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damsel

[dam-zuh l]
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noun Literary.
  1. a young woman or girl; a maiden, originally one of gentle or noble birth.
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Origin of damsel

1150–1200; Middle English damisel < Anglo-French (Old French damoisele) < Vulgar Latin *dominicella, equivalent to Latin domin(a) lady (see dame) + -i- -i- + -cella feminine diminutive suffix
Dictionary.com Unabridged Based on the Random House Unabridged Dictionary, © Random House, Inc. 2018

Examples from the Web for damsel

Contemporary Examples

Historical Examples

  • Surely, sir, you should take shame to hold the damsel against her will.

    The White Company

    Arthur Conan Doyle

  • I scrutinised him carefully, while Charlotte ran to comfort the damsel.

    The Golden Age

    Kenneth Grahame

  • There may be more than one claimant for the damsel's affection.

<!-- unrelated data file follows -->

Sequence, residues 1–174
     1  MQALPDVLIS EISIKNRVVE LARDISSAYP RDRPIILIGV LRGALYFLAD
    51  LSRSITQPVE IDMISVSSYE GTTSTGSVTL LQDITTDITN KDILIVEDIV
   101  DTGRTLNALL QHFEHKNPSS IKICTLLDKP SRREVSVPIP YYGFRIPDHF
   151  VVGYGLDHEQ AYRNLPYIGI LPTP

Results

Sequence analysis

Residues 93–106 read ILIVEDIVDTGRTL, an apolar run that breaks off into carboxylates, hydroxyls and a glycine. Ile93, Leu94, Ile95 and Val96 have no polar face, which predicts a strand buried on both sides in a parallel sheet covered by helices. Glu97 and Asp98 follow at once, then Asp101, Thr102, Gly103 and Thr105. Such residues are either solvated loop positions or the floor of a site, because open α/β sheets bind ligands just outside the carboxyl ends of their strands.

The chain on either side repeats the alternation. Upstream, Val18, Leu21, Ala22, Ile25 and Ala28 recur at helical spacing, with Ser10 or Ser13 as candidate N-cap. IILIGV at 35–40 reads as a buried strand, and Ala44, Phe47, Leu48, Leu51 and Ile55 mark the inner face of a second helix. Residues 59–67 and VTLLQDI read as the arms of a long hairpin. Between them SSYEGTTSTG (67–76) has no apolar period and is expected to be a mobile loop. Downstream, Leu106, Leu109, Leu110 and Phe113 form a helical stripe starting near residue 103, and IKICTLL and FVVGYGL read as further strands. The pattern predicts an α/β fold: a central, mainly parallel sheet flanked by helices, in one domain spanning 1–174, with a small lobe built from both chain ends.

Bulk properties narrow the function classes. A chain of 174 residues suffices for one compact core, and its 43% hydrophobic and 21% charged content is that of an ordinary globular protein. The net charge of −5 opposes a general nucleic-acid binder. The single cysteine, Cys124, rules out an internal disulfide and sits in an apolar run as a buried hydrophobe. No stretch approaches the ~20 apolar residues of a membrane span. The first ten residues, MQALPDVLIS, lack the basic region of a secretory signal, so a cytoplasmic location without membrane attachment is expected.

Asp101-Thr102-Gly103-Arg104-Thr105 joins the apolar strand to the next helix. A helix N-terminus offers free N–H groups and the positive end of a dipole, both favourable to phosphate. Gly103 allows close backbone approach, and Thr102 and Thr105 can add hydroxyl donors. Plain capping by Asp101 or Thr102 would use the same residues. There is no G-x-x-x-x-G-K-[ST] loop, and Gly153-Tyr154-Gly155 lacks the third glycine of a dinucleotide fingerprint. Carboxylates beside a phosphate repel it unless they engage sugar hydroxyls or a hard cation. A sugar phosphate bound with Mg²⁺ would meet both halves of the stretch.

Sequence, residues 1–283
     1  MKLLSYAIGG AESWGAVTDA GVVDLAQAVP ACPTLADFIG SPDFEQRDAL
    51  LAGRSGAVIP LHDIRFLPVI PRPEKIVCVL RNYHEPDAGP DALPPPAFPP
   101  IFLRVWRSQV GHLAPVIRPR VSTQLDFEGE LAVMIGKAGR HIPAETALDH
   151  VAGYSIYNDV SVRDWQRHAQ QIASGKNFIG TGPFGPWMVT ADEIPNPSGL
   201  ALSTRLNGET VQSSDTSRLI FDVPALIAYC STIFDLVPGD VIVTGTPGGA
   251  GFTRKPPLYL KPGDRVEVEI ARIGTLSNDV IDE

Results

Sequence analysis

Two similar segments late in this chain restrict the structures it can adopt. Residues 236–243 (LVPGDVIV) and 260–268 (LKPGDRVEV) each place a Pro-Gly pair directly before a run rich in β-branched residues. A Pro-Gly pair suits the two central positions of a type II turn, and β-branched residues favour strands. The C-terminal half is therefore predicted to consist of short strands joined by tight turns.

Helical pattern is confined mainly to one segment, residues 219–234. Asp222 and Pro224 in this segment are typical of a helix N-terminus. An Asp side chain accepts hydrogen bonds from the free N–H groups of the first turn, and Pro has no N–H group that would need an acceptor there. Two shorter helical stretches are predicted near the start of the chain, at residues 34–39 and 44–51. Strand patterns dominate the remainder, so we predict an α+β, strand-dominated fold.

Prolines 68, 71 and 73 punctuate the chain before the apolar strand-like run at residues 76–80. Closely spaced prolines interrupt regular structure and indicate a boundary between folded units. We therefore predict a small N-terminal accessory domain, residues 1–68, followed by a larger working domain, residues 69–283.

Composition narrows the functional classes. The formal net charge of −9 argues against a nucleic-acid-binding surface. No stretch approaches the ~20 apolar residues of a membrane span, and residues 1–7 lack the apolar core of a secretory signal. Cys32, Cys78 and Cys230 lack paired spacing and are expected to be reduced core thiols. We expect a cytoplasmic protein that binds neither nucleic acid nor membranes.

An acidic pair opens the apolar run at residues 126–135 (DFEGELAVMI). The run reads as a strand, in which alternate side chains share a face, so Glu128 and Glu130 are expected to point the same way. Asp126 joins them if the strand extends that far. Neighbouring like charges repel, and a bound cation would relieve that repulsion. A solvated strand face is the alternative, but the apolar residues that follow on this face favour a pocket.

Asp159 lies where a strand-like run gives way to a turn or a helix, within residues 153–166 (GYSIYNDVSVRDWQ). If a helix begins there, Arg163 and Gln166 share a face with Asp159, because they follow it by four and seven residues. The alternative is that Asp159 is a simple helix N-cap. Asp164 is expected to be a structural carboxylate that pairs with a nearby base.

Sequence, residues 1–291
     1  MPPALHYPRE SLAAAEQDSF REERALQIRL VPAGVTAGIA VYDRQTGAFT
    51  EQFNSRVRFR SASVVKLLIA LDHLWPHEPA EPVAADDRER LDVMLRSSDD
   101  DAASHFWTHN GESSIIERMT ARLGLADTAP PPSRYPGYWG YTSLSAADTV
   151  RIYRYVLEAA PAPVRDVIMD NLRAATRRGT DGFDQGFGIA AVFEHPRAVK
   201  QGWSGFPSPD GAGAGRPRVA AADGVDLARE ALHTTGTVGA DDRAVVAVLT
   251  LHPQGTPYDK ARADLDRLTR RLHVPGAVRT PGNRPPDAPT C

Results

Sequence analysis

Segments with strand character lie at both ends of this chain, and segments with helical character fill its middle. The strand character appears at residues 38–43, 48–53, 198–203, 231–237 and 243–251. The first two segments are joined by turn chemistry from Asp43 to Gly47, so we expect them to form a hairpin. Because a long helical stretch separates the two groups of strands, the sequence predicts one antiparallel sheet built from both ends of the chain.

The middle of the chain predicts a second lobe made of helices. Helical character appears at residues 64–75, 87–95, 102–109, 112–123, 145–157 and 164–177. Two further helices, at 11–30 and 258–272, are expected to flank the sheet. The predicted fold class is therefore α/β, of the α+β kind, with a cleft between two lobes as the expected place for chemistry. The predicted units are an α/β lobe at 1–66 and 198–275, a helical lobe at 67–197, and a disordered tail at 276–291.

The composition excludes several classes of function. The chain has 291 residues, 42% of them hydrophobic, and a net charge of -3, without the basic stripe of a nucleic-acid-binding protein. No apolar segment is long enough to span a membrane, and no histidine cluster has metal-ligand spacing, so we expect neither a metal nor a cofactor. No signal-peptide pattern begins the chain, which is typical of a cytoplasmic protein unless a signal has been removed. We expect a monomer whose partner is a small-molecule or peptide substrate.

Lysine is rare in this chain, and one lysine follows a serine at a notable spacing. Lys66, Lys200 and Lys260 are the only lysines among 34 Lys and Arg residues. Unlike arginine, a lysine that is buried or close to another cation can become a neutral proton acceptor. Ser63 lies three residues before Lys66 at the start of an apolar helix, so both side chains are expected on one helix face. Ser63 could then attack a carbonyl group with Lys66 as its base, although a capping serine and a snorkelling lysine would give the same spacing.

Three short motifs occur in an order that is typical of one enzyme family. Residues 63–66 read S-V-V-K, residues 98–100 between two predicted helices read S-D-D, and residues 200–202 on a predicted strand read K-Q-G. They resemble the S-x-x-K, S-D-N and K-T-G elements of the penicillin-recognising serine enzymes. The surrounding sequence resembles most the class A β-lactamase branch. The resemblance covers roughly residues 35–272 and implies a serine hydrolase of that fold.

The Meaning of Evolution

    Samuel Christian Schmucker

  • Already I have endured more than enough in the interests of this damsel.

    St. Martin's Summer

    Rafael Sabatini

  • His face was comely as a damsel's, his eyes blue and his hair golden.

    Love-at-Arms

    Raphael Sabatini


British Dictionary definitions for damsel

damsel

noun
  1. archaic, or poetic a young unmarried woman; maiden
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Word Origin

C13: from Old French damoisele, from Vulgar Latin domnicella (unattested) young lady, from Latin domina mistress; see dame
Collins English Dictionary - Complete & Unabridged 2012 Digital Edition © William Collins Sons & Co. Ltd. 1979, 1986 © HarperCollins Publishers 1998, 2000, 2003, 2005, 2006, 2007, 2009, 2012

Word Origin and History for damsel

n.

late 12c., from Old French dameisele "woman of noble birth" (Modern French demoiselle "young lady"), modified (by association with dame) from earlier donsele, from Gallo-Romance *domnicella, diminutive of Latin domina "lady" (see dame). Archaic until revived by romantic poets, along with 16c.-17c. variant form damozel.

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Online Etymology Dictionary, © 2010 Douglas Harper